Gravit Designer discussion

How does an API will look like?

Did anyone have an idea how the API will looks like? And which language it will use?


Taking advantage of one question and doing another. How to begin? Where is the repository? And what structure should we follow to develop the plugins? Will it be necessary to have a plugin manager like Atom and VSCODE?


Will it be necessary to have a plugin manager like Atom and VSCODE?
I think it would be nice.

I thing so! :relaxed:

Wouldn’t it be best if it were in JavaScript since Gravit is technically web based?

Hi everyone,

We’re actually just starting and invited some people to discuss the best and most comfortable way to develop plugins before “just doing” it on our own and doing it wrong.

Here’re a few first thoughts:

  • There’ll be a global repository in our backend so we have a central place
  • Every plugin actually should link to a github repository so we can utilize tags for versioning automatically
  • There’re two APIs – The Gravit Designer API and the Document API
  • Plugins are supposed to be written in plain Javascript / HTML / CSS
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is your system based on electron? If so, it should be possible to port the Atom Pluginmanager to gravit.


In javascript … you are using something like angular, react, vue, etc…? I want start a local plugin, and in future migrate this to Gravity… I think that do with the same technology is a good idea.

@zeugmedia yes the desktop apps are based on it. However, the web version, the chrome version nor the iPad / AndroidTablet versions are based on it obviously so we need to brew our homemade sauce for it :wink:

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@jhoylucas74 Nope we actually do not use ANY framework. We’ve written all ourself so you’re free to use plain html. The only thing we’re using (from the old times ;)) is jQuery. We have quite some jQuery plugins that plugin developers should re-use to give a common look and feel like property rows.

We will actually discourage the following techniques from plugins:

  • Webpack / Modules
  • ES6
  • External Frameworks

The reason is the loading time and complexity of plugins should not overtake the main application itself.
Not sure if that’s the right way but we want to prevent users having a (potential) bad experience. What you think?

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sure. Is there any plan to “opensource” the webversion/electron version? Or can someone contribute in other ways?

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The concern makes sense. I’m excited with this … i will make my local plugin with plain html and ES5 and when the plugin management system is ready … I will migrate then to he.

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Currently there’s not. The issue is that we actually want to keep the Designer REALLY free and thus our business model is to sell our framework / engine to others. If we’d open source it we’d lose our business model after all our designers and developers need their payment :wink:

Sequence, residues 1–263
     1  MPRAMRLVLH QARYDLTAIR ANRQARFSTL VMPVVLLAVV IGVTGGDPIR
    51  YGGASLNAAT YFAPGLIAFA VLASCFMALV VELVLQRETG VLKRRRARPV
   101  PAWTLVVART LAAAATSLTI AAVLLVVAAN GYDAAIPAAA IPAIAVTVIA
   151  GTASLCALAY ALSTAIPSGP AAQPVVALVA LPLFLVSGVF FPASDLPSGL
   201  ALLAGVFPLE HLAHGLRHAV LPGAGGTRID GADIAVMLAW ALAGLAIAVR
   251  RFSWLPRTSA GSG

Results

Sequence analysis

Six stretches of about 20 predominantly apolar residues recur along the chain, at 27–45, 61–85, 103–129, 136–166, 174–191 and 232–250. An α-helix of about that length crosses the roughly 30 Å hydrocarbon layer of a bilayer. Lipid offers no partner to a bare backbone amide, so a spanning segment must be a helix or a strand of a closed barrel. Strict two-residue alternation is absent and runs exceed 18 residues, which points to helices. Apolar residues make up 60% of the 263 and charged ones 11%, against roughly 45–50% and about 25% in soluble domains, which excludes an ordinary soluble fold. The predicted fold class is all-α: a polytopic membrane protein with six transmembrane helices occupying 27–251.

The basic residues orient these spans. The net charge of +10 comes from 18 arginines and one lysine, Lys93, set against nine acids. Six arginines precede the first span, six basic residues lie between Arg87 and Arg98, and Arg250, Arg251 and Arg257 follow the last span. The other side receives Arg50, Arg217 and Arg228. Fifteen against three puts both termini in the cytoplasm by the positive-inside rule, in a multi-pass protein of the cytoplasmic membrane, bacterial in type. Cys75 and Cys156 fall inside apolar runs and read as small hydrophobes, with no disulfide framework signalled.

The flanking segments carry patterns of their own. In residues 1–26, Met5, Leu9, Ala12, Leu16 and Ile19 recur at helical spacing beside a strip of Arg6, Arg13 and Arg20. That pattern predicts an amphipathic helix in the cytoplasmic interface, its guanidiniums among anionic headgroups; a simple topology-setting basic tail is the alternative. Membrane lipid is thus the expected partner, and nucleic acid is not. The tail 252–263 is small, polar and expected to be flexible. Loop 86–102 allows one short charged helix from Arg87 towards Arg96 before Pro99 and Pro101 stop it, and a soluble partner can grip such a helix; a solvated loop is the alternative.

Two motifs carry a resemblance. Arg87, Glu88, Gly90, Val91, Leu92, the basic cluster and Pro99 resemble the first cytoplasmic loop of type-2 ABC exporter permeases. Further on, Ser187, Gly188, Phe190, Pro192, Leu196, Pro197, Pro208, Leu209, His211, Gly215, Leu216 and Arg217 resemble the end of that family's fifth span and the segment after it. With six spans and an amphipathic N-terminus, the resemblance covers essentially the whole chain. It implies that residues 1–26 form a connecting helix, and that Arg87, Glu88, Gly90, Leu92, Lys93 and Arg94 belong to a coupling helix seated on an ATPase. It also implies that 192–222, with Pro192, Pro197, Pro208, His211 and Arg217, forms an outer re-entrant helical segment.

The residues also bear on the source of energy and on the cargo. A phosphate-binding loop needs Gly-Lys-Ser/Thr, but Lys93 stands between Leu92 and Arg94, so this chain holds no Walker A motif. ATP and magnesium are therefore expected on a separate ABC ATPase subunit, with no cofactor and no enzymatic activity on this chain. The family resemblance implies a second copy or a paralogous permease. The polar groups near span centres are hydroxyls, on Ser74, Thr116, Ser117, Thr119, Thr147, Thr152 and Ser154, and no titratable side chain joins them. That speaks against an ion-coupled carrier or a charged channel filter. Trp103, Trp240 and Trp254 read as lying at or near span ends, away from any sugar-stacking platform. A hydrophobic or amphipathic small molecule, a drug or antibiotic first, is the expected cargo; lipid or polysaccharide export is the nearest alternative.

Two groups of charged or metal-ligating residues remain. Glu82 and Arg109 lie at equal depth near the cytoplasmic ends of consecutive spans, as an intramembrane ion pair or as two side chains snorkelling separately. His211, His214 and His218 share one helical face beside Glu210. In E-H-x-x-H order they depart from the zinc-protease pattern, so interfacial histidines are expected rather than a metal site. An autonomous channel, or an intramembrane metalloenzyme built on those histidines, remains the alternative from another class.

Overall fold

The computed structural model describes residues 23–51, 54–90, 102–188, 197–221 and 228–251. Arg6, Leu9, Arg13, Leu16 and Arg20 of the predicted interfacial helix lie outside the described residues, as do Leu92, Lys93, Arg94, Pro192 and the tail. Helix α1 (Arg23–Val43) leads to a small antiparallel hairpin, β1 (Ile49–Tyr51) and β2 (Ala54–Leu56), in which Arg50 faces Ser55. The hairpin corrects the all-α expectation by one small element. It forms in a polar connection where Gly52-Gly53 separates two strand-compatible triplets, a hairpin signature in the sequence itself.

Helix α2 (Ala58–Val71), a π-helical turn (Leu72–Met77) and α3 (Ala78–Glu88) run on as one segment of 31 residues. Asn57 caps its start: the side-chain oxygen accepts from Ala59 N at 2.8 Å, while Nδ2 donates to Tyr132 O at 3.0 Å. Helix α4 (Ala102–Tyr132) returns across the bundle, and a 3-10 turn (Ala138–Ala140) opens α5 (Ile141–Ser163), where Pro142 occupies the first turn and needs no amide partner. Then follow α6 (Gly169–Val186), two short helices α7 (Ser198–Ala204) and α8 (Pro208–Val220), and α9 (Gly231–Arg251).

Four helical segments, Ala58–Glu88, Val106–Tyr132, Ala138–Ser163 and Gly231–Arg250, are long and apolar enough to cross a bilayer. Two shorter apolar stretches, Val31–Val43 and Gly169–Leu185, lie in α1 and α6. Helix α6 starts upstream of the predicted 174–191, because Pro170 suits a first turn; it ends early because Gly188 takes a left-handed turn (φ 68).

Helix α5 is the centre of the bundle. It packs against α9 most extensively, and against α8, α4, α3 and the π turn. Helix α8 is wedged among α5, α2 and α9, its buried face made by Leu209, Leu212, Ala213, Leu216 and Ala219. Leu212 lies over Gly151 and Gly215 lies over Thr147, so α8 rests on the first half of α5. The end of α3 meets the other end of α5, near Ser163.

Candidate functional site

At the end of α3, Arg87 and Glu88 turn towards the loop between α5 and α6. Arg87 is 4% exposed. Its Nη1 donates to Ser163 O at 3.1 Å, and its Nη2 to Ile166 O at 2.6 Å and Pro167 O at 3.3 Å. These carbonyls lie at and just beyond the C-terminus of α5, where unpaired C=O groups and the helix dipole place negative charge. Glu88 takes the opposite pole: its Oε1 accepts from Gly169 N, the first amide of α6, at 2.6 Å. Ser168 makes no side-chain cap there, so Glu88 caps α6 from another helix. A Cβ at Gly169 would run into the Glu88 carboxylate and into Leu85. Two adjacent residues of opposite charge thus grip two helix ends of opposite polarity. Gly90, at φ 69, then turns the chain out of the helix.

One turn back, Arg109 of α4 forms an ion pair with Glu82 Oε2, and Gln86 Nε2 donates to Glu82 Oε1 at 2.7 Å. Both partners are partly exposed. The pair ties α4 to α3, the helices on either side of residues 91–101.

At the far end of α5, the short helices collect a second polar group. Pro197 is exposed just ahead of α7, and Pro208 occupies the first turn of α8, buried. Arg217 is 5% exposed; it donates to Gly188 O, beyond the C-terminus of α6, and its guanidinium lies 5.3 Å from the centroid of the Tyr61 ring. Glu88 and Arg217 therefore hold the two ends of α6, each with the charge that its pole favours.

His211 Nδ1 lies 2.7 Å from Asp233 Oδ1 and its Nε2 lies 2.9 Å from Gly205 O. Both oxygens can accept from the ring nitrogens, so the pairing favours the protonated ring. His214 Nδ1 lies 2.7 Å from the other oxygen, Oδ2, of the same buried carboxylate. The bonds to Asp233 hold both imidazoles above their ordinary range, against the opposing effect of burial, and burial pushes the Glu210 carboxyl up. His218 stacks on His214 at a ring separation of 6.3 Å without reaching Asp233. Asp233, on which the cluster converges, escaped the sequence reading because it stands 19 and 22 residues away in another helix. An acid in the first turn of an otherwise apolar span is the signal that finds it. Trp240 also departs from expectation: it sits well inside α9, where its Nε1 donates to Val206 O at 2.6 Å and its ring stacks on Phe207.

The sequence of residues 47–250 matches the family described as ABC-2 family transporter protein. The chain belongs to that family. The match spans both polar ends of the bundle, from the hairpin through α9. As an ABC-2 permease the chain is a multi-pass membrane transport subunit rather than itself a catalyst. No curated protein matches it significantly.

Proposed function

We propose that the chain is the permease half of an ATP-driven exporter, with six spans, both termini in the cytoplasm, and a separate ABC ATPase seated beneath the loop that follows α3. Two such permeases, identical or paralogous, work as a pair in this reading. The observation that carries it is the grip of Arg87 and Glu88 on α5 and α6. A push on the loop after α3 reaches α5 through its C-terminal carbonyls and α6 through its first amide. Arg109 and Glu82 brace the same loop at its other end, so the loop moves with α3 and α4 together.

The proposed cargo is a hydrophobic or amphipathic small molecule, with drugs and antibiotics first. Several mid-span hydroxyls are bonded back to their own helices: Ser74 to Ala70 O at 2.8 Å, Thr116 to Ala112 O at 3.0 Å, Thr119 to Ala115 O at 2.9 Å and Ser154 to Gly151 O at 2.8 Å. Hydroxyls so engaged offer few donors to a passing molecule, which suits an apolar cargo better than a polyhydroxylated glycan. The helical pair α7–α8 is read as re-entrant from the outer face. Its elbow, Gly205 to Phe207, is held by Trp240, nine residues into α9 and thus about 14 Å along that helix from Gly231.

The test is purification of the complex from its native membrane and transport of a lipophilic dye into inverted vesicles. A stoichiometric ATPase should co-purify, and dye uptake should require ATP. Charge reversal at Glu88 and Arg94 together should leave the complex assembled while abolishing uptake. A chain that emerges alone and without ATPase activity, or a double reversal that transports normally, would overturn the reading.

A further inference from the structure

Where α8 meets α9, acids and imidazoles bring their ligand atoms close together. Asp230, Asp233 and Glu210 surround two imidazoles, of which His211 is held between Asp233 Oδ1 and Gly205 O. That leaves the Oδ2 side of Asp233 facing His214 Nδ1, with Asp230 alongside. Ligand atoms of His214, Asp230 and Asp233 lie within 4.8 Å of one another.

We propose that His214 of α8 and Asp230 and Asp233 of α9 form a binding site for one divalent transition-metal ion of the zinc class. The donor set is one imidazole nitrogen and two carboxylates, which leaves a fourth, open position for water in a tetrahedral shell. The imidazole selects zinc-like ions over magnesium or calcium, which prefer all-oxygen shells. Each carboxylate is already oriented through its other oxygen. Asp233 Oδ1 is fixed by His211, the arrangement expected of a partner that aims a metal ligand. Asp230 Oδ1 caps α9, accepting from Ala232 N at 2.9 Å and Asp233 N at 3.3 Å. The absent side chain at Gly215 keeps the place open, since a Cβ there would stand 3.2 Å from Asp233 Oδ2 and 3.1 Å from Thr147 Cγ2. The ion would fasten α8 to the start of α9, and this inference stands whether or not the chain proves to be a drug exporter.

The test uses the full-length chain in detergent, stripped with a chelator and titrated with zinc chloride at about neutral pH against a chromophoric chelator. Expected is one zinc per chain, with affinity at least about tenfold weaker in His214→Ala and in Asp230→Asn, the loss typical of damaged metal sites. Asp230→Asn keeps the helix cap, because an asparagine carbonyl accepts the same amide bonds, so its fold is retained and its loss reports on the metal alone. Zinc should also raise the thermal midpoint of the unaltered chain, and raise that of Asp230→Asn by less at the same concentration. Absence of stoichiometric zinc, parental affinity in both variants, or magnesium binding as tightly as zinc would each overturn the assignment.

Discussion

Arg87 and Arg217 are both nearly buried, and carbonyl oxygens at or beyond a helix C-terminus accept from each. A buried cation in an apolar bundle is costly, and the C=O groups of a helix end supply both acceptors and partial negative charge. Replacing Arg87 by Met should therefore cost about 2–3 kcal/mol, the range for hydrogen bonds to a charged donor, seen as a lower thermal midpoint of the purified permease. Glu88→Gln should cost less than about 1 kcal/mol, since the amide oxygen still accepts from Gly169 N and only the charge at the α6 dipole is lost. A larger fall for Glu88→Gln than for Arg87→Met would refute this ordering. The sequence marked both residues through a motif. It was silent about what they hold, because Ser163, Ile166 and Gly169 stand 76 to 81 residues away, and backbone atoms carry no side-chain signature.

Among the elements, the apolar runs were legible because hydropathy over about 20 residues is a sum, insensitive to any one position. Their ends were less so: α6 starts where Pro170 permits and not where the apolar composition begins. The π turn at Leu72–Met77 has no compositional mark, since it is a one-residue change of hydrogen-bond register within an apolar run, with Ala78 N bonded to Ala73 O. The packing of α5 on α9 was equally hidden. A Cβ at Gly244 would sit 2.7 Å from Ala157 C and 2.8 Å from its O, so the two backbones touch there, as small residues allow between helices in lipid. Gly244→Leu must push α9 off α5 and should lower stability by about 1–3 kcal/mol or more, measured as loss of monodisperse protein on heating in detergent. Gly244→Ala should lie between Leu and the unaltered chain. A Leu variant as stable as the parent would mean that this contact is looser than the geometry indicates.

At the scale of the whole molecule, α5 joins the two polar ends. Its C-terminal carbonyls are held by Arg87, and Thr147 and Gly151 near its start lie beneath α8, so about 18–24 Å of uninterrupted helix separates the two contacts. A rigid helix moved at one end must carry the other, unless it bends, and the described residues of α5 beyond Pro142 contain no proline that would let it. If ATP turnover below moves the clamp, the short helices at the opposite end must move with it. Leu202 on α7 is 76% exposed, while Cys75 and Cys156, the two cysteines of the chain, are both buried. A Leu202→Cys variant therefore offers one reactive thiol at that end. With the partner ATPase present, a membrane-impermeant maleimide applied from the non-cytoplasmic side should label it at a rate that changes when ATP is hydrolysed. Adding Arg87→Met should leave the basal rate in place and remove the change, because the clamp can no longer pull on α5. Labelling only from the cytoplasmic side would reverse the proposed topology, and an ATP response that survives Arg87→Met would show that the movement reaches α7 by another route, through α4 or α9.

Its a pity I know as sometimes we could really use more help being so short on resources here already ;(

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@jhoylucas74 sounds cool keep us in the loop on that!

One thing we’re thinking about right now is what’s the best way to make easy plugin development possible. I mean, you need a running instance but you can currently not develop within the Designer.

If you have any ideas anyone please let us know

(yes you can execute scripts on the console)

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I think executing scripts via the console could be pretty annoying, especially for debugging.

Can’t electron inject external javascript into the webview? If so, would it make sense to allow the desktop clients to load local files (js, css) into the view and somehow use a main execution class to run all loaded injections?

Otherwise this also feels incomplete and also I wouldn’t know where to put my html files to edit the UI.

Any other ideas?

Maybe a Web Worker plugin system? Run the plugin in a box(worker)… The problem is the DOM. One api with the Gravit will solve this too. Is a Idea… The plugin will running in parallel, and in theory, not block the Gravit. And run in all web based platform.

What about some kind of developers mode in the desktop applications? Like Google Chrome has when developing extensions. That could work I think, enable the dev mode and then have some sort of form to load your plugin from a directory or something.

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@jhoylucas74 yes that’s the problem workers have no access to the DOM etc

@liammartens yes that’s what we thought. The problem is you’d need a way to reload the app every time you change something as otherwise you can not update your plugin ;(

Well it’s built on electron is it not? at least on the desktop? So you can probably implement some kind of live reload by checking the file modification times of the loaded development plugins and reload based on that (or something)